When it comes to retail, BARK (NYSE: BARK) CEO Manish Joneja knows it’s important to put customers first. And at BARK, those customers aren’t just pet owners, but their dogs, too.
His love of dogs is one of the reasons Joneja took the helm in October 2020. He helped BARK,most commonly known for BarkBox, its themed monthly box of toys and treats, go public in June 2021 through a merger with Northern Star Acquisition Corp. Joneja has helped BARK build on partnerships with big box and online retailers from Target to Costco to Lowes to Amazon to provide consumers with dog products spanning home, health, food, and fun, in addition to growing its subscription services BarkBox, SuperChewer, BARK Bright Dental and BARK Eats.
In a recent Public.com Town Hall, Joneja shared what makes BARK’s subscription service stand out, and how the company makes sure it puts its human and canine customers first.
The below is excerpted from Manish Joneja’s Public Town Hall, which can be viewed in full here.
Be personal and flexible with your customers.
“Personalization and being flexible to the changing needs of our customers is what has given us such high customer retention,” Joneja told retail investors.
As a subscription-based service, customer retention is one of the key components to BARK’s business model.
“We proactively engage over 250,000 customers per month; we collect their feedback on products their dog enjoyed (and didn’t enjoy), and we leverage that data to optimize our product ecosystem. For us, customer service (what we call the Happy Team), isn’t a cost center, it’s part of the customer experience of building life-long relationships with dogs and their parents. Our ~60% margin profile enables us to offer this level of customer touch, which is something most companies cannot offer.”
It seems to be working. Many Public.com members who chatted with Joneja mentioned they subscribed to BarkBox and how much they loved it, with cat lovers asking if BARK plans to offer a MEOW box for cats. To which Joneja replied: “Much of our brand value is how authentically dog-obsessed our team is. Never say never, but not at this time.“
When it comes to products, finding the right design is key.
BARK spends a lot of time designing its boxes, with each theme being planned out well in advance.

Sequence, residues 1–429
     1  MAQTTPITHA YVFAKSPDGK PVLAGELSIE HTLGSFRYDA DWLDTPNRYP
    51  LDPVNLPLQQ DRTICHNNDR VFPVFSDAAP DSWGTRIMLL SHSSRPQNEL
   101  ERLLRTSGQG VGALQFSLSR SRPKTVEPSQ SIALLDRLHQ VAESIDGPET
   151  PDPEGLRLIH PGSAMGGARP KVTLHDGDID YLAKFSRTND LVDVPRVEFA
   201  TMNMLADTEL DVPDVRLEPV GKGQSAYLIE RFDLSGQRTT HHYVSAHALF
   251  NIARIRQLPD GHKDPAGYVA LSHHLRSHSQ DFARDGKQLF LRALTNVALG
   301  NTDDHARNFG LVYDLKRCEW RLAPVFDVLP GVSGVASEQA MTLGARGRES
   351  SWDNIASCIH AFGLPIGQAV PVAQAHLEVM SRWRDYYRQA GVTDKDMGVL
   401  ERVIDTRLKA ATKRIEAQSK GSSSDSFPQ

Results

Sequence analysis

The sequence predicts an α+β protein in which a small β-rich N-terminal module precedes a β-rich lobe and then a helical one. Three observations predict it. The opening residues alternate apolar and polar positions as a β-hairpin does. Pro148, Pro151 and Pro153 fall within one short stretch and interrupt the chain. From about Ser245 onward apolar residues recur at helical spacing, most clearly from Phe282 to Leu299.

“We take design seriously – from ideation to the first sketch to the final product – every shape, sound, style and story is meticulously considered and data-driven,” Joneja said.
BARK has a large creative and design team with employees who have joined from companies like LEGO and Disney.
“Our products are designed and created by us and we have deep customer relationships as well as an enormous amount of data that we leverage from our customers, which informs product design and development decisions. It also enables us to offer highly personalized offerings for an individual dog.”
This integration of design, customer data and personalization has helped the company reach over 59% of gross margins and partner with brands like Budweiser and the WWE.
Find opportunities to collaborate and work with other retailers.
While BARK is a retail company, it doesn’t downplay the importance of working with other retailers and marketplaces. BARK partners with many other retail partners, including Target, Costco, Lowes, Petco, Petsmart and Amazon, among others.
“Different channels offer a different platform for us to reach new customers and further raise brand awareness which is accretive to our [direct to consumer] business. Our mission is to make all dogs happy and these partnerships allow us to serve more dogs and their parents,” Joneja said.
Identity your challenges and find a strategic solution.
Like many companies, BARK has faced challenges due to the pandemic, with the key one being freight costs and congestion, Joneja shared. These challenges impacted BARK’s margin profile but the company has found ways to respond.
“First, by accelerating investment in self-managed fulfillment assets and further diversification. Second, we are actively managing our network of shippers, being more selective about “who focuses where” to take advantage of our economies of scale. And third, by more effectively managing the timing of certain shipments to optimize costs,” Joneja said.